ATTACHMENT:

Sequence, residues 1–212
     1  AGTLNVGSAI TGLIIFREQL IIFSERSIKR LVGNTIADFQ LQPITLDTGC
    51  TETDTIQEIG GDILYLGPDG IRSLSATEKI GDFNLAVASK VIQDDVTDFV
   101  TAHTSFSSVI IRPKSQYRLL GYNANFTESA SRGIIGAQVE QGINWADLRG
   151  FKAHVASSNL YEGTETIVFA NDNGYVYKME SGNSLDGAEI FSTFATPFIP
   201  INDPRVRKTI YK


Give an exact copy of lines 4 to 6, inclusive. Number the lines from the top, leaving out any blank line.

   101  TAHTSFSSVI IRPKSQYRLL GYNANFTESA SRGIIGAQVE QGINWADLRG
   151  FKAHVASSNL YEGTETIVFA NDNGYVYKME SGNSLDGAEI FSTFATPFIP
   201  INDPRVRKTI YK